When taking notes, you'll find much of the same multimedia functionality that the full Evernote site offers. The app lets you attach pictures, audio clips, voice-to-text transcriptions, and other types of files to your notes. Hit the Menu button, and you get the options to tag a note and add a location stamp so you know where you were when you jotted it.
When it comes to editing text, the Evernote app offers several formatting tools. You get all the basics like Italic, Underline, and Bold. Plus, there are options to add bullets, numbered lists, check boxes, and even sketches, if you have Evernote's sister app Skitch installed.
With Evernote's multishot camera, you can easily take several shots in a row, and choose to include any or all of them with a single note. There's also a Page Camera mode that helps you digitize a physical document by finding its edges, removing shadows, and automatically adjusting contrast. The Android app also recently added support for the by Moleskine, which has small dots on its pages that make it easy for the app to "read" your written notes if you take a picture of them. Previously, only the iOS version could take advantage of these dotted Moleskine notebook pages, but now the Android version can, too.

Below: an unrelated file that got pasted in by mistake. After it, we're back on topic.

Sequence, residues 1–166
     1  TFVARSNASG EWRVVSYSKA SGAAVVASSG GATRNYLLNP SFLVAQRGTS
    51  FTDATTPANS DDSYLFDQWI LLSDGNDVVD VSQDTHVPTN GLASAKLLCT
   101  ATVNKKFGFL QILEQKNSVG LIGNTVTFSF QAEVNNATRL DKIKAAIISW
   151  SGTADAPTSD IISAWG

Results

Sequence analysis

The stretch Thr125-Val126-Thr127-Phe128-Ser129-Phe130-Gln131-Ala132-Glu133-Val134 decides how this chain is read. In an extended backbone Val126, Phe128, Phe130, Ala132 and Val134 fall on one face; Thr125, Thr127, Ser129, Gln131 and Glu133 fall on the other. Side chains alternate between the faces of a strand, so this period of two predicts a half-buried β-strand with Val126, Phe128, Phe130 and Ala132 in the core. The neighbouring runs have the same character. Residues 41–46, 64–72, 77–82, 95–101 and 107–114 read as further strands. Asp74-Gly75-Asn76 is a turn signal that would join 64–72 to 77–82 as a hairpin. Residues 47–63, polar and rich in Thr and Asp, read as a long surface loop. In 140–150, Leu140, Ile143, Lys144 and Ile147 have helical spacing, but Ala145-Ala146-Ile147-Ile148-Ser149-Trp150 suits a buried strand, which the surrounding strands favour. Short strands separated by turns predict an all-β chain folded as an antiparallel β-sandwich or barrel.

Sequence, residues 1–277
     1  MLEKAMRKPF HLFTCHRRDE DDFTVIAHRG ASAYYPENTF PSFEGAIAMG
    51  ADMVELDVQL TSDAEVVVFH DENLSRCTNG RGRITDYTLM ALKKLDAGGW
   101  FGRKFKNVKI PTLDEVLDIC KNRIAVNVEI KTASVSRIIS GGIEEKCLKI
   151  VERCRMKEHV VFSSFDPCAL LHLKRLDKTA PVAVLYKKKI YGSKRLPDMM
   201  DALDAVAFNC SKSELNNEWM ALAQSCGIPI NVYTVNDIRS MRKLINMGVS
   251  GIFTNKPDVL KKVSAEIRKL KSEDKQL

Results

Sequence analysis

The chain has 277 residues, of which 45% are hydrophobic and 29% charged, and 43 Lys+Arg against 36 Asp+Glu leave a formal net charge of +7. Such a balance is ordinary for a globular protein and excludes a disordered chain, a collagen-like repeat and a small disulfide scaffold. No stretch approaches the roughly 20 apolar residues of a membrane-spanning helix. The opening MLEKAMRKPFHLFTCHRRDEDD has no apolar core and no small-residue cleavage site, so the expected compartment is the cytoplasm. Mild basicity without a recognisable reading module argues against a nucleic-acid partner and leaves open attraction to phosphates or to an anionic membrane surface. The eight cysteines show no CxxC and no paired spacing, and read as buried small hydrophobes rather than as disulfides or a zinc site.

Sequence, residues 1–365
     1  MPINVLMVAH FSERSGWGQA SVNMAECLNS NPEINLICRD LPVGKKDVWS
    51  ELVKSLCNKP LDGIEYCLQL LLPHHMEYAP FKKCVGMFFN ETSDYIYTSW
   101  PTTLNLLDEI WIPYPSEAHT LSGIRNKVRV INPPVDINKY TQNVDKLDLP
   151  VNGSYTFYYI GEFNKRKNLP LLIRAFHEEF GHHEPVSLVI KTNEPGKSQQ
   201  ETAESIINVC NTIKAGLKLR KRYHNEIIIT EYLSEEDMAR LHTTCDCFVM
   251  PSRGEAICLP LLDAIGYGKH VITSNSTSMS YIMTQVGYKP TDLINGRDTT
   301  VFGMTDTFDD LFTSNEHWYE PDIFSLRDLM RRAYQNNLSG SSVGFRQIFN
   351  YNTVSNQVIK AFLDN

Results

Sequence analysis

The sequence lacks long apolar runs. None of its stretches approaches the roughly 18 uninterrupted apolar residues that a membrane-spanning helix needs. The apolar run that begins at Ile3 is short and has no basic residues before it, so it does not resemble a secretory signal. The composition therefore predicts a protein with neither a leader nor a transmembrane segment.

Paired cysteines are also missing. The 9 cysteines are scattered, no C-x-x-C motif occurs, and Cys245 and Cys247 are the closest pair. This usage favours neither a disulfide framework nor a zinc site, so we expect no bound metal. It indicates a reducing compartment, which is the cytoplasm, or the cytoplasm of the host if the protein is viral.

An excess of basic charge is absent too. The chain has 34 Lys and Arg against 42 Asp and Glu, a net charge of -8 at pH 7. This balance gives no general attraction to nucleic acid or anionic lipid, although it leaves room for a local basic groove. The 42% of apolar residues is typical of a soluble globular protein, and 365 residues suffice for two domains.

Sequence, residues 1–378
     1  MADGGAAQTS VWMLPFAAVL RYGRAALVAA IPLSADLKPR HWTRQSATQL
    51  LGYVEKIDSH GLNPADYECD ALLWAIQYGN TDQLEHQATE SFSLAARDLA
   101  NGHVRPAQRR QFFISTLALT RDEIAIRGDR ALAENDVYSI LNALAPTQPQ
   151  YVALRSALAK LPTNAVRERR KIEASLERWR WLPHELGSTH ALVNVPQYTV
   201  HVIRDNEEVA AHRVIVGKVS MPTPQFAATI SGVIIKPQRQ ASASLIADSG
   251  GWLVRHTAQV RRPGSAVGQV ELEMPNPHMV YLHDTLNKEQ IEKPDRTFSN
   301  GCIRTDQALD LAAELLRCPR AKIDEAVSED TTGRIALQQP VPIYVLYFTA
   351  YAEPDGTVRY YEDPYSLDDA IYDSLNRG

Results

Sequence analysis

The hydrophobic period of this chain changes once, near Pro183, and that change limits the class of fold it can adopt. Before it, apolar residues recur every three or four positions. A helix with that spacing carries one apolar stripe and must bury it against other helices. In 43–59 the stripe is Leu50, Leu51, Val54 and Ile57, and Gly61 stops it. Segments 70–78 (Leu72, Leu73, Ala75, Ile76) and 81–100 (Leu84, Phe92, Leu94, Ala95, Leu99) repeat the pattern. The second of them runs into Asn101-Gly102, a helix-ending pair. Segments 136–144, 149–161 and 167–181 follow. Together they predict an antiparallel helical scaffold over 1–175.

Finally, Shortcuts have made their way to mobile. With Evernote Shortcuts, you can easily pin a note, notebook, or tag to a right-hand sliding sidebar for easy access.
For those willing to shell out a hefty $5 per month, Evernote Premium gets you a lot more. Convenient features like searchable documents, notebook sharing, offline access to notes, and a record of your note-taking history make this an attractive option. Also, the upgrade gives you more storage capacity (up to 100MB per note) and a nifty PIN lock that I think should be available even to free users.
Just like the full Evernote site, the app lets you attach audio, photo, video, or pretty much any other type of file to your text notes. It also has some rich sharing functions built in, with which you can post a note to your Facebook, Twitter, or any of your other installed applications. With so much power in tow, Evernote is not right for everyone, especially those looking for a simple note-taker. It is, however, right for anyone whose idea of scrawling a note involves the infusion of multimedia files, tags, and location stamps.
Editors' note: This review was updated to clarify the app's capabilities in relation to the Evernote Smart Notebook by Moleskine.